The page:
Sewage Treatment Plant’s Sightseeing and Sustainability Tour


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On Saturday, May 19, the Visitor Center at Newtown Creek will premiere an interactive art installation, “Down in the Ground” (D.I.G.) at 7 p.m. The dance performance and opening reception is free and open to the public, and the new installation runs through May 31. 

By E.Q. Lam
May 16, 2012

NEW YORK — In a far corner of Brooklyn, there lies a very busy sewage treatment plant. People come to see the “eggs” but learn so much more, such as where certain scenes of Angelina Jolie’s blockbuster movie Salt were shot.

“She was here for seven days,” says Jim Pynn, superintendent of the Newtown Creek Wastewater Treatment Plant. “Very nice lady.”

Newtown Creek is one of 14 wastewater treatment plants throughout the five boroughs of New York City, and the Visitor Center at Newtown Creek, which opened two years ago, gives monthly tours of the facility to the public. The plant features eight giant digester eggs which process wastewater, and visitors on the tour get to take an elevator to the top for one of the best panoramic views of the Manhattan skyline from Brooklyn. Check out the popular live performance artists Blue Man Group giving a tour of the facility.

The city’s wastewater treatment system provides more than 1 billion gallons of water each day to 9 million people, and can handle even more in anticipated growth of the city’s population. The story of New York City’s water is told very well by Pynn, who has been at the plant for nearly 20 years and personally leads each tour—one of his favorite aspects of his job, he says.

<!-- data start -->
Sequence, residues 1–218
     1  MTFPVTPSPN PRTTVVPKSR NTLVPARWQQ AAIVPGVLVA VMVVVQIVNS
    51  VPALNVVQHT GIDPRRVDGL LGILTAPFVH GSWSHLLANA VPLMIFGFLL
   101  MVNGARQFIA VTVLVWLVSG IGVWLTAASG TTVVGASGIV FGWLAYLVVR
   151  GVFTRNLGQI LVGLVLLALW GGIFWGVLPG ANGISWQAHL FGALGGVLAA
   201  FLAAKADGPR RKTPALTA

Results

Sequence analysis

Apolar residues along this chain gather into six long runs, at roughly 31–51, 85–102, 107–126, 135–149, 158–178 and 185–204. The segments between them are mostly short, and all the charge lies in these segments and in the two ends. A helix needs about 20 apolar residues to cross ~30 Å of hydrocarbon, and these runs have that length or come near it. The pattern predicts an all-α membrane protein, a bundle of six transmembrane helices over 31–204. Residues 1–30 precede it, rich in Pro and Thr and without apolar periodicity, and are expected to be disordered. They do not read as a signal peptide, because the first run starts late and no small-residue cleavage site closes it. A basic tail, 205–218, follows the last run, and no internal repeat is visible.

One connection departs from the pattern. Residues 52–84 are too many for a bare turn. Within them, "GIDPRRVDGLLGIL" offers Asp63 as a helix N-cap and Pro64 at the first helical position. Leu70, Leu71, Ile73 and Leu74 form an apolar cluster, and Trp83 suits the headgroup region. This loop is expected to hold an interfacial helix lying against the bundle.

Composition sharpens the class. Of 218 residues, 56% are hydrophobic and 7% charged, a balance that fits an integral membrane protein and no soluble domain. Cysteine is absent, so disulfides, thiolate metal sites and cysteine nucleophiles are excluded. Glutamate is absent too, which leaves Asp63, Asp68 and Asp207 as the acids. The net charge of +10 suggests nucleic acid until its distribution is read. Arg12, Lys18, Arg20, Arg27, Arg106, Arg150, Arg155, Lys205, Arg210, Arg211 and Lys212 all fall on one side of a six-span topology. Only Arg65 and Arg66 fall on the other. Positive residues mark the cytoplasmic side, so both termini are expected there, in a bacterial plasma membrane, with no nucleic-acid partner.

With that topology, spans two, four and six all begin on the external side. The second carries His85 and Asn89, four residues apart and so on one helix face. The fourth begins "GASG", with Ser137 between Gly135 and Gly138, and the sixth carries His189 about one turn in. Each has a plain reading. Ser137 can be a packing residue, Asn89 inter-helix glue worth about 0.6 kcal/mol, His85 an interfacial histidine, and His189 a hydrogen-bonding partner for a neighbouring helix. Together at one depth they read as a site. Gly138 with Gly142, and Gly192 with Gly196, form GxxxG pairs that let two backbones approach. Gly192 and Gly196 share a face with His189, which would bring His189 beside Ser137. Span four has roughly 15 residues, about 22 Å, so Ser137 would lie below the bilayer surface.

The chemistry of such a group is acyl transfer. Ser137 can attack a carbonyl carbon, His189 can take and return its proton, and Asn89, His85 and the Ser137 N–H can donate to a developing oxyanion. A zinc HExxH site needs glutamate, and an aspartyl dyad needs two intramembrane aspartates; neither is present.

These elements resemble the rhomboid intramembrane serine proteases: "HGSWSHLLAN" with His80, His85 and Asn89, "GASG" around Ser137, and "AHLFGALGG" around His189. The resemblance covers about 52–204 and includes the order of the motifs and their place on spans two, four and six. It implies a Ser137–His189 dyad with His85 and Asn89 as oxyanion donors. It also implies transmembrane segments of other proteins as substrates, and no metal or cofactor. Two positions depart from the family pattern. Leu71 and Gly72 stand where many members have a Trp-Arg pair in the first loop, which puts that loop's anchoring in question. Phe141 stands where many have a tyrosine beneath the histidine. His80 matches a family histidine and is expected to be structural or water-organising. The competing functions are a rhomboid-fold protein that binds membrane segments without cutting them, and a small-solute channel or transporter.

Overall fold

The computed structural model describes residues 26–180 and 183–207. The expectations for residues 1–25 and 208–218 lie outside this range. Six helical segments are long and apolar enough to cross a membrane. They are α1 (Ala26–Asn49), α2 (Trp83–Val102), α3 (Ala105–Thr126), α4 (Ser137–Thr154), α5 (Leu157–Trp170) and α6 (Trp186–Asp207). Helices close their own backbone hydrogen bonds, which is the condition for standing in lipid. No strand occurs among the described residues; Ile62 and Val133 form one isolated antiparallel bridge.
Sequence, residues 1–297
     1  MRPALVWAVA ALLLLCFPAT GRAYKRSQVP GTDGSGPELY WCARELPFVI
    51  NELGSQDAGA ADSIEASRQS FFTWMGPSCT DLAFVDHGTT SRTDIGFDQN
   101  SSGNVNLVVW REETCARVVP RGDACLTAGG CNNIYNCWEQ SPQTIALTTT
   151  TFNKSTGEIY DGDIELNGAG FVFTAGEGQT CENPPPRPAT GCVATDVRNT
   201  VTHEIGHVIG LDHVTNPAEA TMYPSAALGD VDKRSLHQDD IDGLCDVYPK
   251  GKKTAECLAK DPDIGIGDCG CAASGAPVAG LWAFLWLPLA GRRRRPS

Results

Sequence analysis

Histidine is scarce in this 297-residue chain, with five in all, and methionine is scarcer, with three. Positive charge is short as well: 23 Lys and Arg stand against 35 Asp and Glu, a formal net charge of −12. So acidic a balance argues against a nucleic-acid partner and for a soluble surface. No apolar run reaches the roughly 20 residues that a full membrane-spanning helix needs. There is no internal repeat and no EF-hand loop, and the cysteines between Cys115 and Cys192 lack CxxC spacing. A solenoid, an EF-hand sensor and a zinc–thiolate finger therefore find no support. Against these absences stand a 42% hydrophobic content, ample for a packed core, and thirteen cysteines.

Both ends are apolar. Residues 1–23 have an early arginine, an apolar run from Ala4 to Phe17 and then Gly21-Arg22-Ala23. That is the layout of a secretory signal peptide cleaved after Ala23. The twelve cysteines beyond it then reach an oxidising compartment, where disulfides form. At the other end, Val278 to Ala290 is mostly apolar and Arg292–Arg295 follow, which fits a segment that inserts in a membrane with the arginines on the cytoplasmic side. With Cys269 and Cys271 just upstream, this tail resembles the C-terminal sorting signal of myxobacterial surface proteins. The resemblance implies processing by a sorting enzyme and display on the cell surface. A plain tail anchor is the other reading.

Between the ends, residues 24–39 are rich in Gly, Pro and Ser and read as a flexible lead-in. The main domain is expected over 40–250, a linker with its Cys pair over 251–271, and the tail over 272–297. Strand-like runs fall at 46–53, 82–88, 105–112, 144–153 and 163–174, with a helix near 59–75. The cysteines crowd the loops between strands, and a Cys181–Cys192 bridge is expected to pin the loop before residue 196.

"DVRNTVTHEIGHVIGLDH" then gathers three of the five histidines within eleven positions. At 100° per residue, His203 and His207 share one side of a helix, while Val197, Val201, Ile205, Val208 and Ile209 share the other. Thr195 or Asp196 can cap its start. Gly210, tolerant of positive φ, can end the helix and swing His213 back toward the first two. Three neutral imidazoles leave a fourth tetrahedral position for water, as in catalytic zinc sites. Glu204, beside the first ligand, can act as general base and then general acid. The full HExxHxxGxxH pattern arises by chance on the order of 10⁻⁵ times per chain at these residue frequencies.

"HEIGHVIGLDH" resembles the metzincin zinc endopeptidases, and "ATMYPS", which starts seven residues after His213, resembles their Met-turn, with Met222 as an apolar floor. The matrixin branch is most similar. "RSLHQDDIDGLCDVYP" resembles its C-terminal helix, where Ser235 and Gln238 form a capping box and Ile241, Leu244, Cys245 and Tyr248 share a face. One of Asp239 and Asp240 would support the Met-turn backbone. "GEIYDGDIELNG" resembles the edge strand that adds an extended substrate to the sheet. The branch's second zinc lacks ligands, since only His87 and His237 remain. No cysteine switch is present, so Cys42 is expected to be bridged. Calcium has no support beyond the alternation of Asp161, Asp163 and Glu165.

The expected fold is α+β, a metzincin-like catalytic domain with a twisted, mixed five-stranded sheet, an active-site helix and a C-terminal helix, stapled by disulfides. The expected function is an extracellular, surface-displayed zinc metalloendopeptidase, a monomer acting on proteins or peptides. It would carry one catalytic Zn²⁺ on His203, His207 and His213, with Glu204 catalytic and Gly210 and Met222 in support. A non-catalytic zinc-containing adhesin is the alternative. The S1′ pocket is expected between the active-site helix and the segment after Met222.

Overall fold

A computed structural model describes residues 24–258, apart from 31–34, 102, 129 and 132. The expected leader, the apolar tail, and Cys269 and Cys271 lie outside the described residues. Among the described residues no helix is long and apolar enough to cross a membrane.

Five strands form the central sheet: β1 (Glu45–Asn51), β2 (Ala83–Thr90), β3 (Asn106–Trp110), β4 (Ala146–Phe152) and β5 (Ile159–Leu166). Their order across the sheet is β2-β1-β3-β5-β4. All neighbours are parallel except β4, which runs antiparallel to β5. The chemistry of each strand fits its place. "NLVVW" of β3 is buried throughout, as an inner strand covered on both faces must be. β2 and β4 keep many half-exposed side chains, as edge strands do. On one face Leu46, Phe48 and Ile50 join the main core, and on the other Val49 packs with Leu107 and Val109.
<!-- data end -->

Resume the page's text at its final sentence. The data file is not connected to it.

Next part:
“I want to make sure you people understand what happens when you flush,” says Pynn, who—besides welcoming famous actors to the plant—has shown around United Nations officials and mayors from cities throughout China.

During the tours, he gets the opportunity to dispel mistaken beliefs that the plant produces drinking water (it produces non-potable but clean water) or that the plant operates on funding from taxes (its revenue comes from water meter bills). Or that raw sewage goes directly to oceans, or that it stinks.

“Raw sewage doesn’t smell,” Pynn says, explaining the smell comes from sewage that is stuck and starts to decompose.

Pynn, who has been with the NYC Department of Environmental Protection (DEP) for nearly 40 years, speaks very personally about the plant: “The material that you may throw out on the street comes to me in droves.”

One can imagine it when he says that the first rain of the fall brings billions of leaves that inundate the city’s sewage pipes, requiring “all hands on deck shoveling the leaves out.”

“What we’re trying to do is replicate what nature does in twenty-one days,” Pynn says regarding the manmade eco-cycle, which functions like a fish tank with a balance of microorganism colonies and air.

Besides learning about the city’s water and wastewater systems, visitors on the tour pick up trivia knowledge, such as which parts of the facility have been used to shoot scenes for movies and TV shows.